The same system of support and encouragement can be seen in the advice and guidance given the suspects on how to conduct themselves in a Shin Bet interrogation. The booklet “Know Your Rights,” written by extremist activist Noam Federman, talks about what to do when questioned by the Shin Bet or police. It was published shortly before Federman’s 2002 arrest on suspicion of involvement with the Bat Ayin underground.

This booklet covers the suspect’s rights – what to answer and what not to answer and how to avoid an indictment. There are also descriptions of the Shin Bet's ploys to extract a confession, and even recommendations on what kind of supplies to bring to prison.

The preparations should be made with experienced veterans of interrogations, the document advises. The activists are also provided with other literature such as "Malkhut Zadon," which includes a description of how to torch mosques, churches and monasteries, and how to avoid detection by the Shin Bet.

The documents advise small cells rather than a wide network, to reduce the chances of exposure. Within the cell, the activists are required to maintain compartmentalization. For example, if two members carry out a certain action, there is no need for them to share this with the rest of the cell. “You just mustn’t tell about it. And of course, the other members mustn’t question this and try to find out more,” it says.

It should be emphasized that these activists do not see themselves as fixing and improving the state. While other far-rightists take the law into their own hands to change the state from the inside, believing that “the government is against them but the people are with them,” the Jewish terror activists knowingly operate with the intention of destroying the state.

In “The Revolt,” Ettinger writes that “the fundamental ideas of Zionism are built for the purpose of a state like all the nations and not for a Kingdom of Israel …. It’s a lot cheaper and quicker to tear it down and rebuild than to repair it.”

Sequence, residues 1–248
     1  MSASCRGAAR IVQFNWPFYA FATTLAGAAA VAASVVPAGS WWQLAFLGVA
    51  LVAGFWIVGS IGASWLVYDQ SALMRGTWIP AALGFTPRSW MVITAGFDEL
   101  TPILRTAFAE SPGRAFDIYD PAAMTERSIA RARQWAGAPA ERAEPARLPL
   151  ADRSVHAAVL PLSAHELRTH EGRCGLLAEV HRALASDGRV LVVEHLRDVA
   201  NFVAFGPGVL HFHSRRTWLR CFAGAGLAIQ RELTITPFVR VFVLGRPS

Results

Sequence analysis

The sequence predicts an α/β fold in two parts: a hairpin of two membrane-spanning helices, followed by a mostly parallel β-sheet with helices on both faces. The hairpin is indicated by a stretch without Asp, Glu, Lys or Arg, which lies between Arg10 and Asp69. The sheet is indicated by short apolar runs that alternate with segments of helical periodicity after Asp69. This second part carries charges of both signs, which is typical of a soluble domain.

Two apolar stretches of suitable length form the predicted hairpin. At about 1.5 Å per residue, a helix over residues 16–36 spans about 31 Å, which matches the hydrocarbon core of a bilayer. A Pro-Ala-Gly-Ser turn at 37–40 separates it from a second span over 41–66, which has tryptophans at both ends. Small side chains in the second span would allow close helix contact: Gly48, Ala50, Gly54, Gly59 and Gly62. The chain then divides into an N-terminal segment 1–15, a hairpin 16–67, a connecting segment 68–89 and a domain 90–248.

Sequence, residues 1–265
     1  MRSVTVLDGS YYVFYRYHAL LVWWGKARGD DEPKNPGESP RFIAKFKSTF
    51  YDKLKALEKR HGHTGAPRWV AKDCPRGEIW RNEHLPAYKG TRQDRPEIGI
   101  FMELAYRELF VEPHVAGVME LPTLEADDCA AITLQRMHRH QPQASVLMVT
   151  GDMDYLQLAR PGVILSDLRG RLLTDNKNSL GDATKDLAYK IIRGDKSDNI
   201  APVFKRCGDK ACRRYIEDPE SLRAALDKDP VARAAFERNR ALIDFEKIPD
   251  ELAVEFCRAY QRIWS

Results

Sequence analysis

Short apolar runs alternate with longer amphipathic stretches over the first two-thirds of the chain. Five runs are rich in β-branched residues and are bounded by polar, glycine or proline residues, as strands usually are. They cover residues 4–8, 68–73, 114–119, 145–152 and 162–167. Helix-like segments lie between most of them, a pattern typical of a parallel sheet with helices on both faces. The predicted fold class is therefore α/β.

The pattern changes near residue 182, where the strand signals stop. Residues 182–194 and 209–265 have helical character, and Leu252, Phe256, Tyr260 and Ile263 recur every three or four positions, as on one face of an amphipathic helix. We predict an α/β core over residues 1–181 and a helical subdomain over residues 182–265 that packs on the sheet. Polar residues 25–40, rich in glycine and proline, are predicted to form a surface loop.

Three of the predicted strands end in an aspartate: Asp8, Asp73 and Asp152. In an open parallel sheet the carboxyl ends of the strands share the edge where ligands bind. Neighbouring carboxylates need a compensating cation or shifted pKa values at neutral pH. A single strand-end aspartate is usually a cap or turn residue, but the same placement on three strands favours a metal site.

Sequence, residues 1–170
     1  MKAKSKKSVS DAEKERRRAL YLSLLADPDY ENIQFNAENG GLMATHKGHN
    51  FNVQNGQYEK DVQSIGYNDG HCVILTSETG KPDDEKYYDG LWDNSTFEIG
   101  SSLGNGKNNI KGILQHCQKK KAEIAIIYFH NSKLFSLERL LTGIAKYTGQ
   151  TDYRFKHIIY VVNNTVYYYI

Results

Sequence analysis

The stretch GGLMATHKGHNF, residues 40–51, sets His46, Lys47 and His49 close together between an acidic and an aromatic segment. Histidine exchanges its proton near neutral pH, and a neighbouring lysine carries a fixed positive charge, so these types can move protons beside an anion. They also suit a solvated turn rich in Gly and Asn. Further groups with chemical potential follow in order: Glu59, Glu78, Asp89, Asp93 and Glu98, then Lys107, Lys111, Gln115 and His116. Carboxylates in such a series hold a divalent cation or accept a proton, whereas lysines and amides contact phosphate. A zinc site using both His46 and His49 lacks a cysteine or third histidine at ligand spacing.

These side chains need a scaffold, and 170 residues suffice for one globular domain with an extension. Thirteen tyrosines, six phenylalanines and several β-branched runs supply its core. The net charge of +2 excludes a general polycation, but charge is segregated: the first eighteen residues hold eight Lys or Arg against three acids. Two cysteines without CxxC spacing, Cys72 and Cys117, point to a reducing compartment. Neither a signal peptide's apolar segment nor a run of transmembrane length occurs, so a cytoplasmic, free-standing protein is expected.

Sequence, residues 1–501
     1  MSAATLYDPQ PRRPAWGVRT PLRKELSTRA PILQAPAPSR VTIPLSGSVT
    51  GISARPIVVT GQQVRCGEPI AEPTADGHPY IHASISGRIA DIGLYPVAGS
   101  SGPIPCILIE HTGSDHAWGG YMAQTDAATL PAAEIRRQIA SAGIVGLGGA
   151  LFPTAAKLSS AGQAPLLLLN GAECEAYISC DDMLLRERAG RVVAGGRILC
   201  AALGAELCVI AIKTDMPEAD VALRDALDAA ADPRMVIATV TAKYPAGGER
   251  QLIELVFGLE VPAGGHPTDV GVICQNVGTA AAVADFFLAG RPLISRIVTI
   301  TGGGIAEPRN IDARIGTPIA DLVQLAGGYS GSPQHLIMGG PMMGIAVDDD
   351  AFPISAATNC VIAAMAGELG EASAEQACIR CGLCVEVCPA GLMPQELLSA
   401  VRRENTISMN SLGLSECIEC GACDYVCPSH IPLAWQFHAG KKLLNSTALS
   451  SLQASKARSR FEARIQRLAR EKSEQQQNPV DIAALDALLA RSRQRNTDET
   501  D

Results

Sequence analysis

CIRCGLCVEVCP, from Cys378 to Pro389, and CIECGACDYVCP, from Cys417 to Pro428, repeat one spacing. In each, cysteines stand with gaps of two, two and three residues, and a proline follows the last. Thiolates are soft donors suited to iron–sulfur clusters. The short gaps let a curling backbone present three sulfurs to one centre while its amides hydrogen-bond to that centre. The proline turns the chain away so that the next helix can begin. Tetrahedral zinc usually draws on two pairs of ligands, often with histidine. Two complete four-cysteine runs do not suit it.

Ettinger’s view that Zionism is inherently rotten and that the state has no right to exist guides his flock to view the State of Israel as the enemy of the Jews and to take action against it. It’s no coincidence that these same youths are accused of burning an Israeli flag and that another Israeli flag with a swastika and the words “Death to the Zionists” painted on it was found in their room.

Last Thursday, a top security official was quoted as saying that responsibility for the loss of deterrence versus the so-called hilltop youth lies with the courts. Unlike in 2016, now the courts are releasing dangerous hilltop youths from detention and thereby impairing deterrence, leading to an increase in the rate of nationalist crime.

The spike in the number of hate crimes in 2018 included more than 40 violent incidents against the security forces. But in 2016, nationalist crime fell 80 percent. Thus it's clear that effective deterrence can prevent the next tragedy.

The Jewish terror phenomenon isn't new, it has been around since the state was founded. But the increasingly extremist ideology among the activists has made their operations more violent. It has thus changed the nature of the threat posed by this group.

Besides deterrence by the security forces and courts, other measures are needed to stop the spread of extremist ideology and to keep the number of its adherents from growing. This requires an educational program for the hilltop youth, while extremist rabbis must be indicted without any plea bargains. The outcry raised by people who fear for the well-being of “the children,” as if these young people simply got caught up in a situation they didn’t understand, doesn't help matters.

Maayan Sarnat is a security researcher and works for the Economic Cooperation Foundation and Commanders for Israel’s Security.